Operation Elveden: Mirror and Star journalists arrested
Police investigating corrupt payments have arrested two journalists as part of Operation Elveden.
Sunday Mirror crime reporter Justin Penrose and Tom Savage, deputy news editor of the Daily Star Sunday, were questioned on suspicion of conspiracy to corrupt and conspiracy to cause misconduct in a public office.
The men were later released on bail.
The newspapers' owners - Trinity Mirror and Express Newspapers - said they were co-operating with authorities.
Trinity Mirror also said officers searching Mr Penrose's desk had taken away "various items", including his computer.
The Metropolitan Police's Operation Elveden was set up to investigate alleged inappropriate payments to police and public officials by journalists.
A spokesman for the Met said the arrests related "to suspected payments to a public official and are not about seeking journalists to reveal confidential sources in relation to information that has been obtained legitimately".
"A 37-year-old man was arrested at his home in Kent, and a 34-year-old man at his home in south-east London at approximately 06:00 this morning on suspicion of conspiracy to corrupt (contrary to the Prevention of Corruption Act 1906) and of conspiracy to cause misconduct in a public office (contrary to common law)."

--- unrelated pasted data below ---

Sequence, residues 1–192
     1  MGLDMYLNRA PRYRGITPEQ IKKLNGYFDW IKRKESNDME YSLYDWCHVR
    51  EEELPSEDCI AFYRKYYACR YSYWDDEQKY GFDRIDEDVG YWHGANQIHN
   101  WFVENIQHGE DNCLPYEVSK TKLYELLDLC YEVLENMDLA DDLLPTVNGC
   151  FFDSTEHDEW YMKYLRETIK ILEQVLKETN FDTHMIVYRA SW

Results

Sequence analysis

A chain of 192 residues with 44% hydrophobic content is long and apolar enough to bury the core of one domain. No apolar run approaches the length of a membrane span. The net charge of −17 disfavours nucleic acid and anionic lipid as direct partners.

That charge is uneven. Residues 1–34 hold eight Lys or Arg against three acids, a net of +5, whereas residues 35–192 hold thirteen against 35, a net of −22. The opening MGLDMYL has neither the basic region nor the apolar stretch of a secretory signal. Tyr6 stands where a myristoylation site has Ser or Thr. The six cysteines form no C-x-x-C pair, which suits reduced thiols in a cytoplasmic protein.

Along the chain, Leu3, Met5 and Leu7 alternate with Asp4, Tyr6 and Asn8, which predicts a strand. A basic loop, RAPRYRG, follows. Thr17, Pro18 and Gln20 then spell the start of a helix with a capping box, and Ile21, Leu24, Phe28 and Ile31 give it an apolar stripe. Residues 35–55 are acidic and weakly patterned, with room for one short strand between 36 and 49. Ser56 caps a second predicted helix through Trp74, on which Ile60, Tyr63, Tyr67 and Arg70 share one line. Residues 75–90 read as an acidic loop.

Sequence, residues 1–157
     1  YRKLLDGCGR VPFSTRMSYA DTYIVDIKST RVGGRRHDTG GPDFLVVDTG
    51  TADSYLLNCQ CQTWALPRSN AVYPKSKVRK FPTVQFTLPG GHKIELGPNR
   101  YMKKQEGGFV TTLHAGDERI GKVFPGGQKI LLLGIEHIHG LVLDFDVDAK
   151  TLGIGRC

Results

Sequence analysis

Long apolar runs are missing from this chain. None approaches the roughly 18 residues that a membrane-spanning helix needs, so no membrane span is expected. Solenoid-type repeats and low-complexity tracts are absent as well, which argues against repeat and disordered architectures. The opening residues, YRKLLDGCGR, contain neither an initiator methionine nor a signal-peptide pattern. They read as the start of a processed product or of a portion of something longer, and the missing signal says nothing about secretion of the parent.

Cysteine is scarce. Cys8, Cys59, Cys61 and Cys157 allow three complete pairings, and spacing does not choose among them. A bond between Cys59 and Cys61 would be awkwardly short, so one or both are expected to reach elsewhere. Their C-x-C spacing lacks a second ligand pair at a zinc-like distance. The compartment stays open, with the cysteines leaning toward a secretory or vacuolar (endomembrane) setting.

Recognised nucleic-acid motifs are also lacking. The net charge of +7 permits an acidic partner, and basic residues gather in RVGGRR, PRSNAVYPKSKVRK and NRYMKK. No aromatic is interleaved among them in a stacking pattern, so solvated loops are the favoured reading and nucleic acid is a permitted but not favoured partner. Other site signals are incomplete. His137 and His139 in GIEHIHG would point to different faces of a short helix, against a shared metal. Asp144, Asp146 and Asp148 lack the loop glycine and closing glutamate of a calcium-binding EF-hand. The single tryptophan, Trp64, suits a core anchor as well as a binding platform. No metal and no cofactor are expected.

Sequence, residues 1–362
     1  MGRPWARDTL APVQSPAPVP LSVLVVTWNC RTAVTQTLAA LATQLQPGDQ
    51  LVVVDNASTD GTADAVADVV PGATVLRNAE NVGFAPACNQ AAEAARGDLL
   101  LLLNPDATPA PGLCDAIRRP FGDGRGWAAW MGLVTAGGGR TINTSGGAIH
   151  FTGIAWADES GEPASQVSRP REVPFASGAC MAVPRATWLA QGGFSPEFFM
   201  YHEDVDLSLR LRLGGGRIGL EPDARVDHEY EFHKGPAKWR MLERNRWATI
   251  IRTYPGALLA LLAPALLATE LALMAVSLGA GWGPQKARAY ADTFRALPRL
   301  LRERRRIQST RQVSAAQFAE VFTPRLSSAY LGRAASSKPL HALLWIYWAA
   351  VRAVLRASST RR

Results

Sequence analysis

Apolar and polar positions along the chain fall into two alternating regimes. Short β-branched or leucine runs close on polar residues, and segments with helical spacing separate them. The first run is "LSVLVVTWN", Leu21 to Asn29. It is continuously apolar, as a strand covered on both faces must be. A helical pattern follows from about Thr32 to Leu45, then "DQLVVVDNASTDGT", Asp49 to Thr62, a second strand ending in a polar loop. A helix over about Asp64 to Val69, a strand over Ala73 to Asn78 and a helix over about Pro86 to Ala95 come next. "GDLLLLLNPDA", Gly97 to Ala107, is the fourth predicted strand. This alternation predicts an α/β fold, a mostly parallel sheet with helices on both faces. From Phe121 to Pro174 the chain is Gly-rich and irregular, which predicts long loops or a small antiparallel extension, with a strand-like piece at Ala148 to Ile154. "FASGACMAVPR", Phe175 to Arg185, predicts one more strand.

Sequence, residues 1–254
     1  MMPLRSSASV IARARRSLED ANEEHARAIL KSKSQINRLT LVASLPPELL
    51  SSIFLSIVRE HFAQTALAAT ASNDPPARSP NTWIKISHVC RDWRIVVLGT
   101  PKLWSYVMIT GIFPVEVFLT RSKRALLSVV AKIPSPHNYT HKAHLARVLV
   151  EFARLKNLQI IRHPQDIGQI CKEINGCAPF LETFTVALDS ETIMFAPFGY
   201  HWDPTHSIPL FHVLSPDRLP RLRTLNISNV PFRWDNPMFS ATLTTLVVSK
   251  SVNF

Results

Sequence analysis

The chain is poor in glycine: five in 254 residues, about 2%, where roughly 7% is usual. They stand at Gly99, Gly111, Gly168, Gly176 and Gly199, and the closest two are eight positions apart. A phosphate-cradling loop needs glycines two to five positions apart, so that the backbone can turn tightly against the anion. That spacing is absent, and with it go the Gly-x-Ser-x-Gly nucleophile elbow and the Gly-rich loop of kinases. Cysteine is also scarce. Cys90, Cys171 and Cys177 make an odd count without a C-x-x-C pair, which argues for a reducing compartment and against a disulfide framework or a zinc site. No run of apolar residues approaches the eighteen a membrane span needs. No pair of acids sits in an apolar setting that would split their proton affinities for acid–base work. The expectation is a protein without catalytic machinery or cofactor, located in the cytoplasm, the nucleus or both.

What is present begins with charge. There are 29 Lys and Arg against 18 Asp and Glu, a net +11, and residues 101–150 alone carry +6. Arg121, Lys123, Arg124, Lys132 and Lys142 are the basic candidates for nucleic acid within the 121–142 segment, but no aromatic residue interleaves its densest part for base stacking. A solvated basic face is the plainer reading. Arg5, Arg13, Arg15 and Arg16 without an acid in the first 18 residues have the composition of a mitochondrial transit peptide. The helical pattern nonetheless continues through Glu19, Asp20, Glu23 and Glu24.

Mr Penrose has worked for the Sunday Mirror since 2004, becoming crime correspondent in 2006.
In previous written evidence to the Leveson Inquiry into press ethics, Mr Penrose said the newspaper never paid police for stories.
Mr Penrose is not the only Mirror journalist to be questioned recently by Operation Elveden police.
On 4 July, former Daily Mirror journalist Greig Box-Turnbull, 37, who worked for the newspaper until March, was one of three people arrested by officers investigating corrupt payments.
A prison officer, 46, and a 50-year-old woman were also held.
Some 41 people have been arrested as part of Operation Elveden, being run in conjunction with Operation Weeting, which is looking into phone hacking.
Thirty-four journalists, former journalists and newspaper executives have been formally arrested as part of the phone hacking, corrupt payments and computer misuse investigations.
- Two have been released without further action
- One has been charged
- Twenty-nine are on police bail
- Two - arrested on 11 July - are being questioned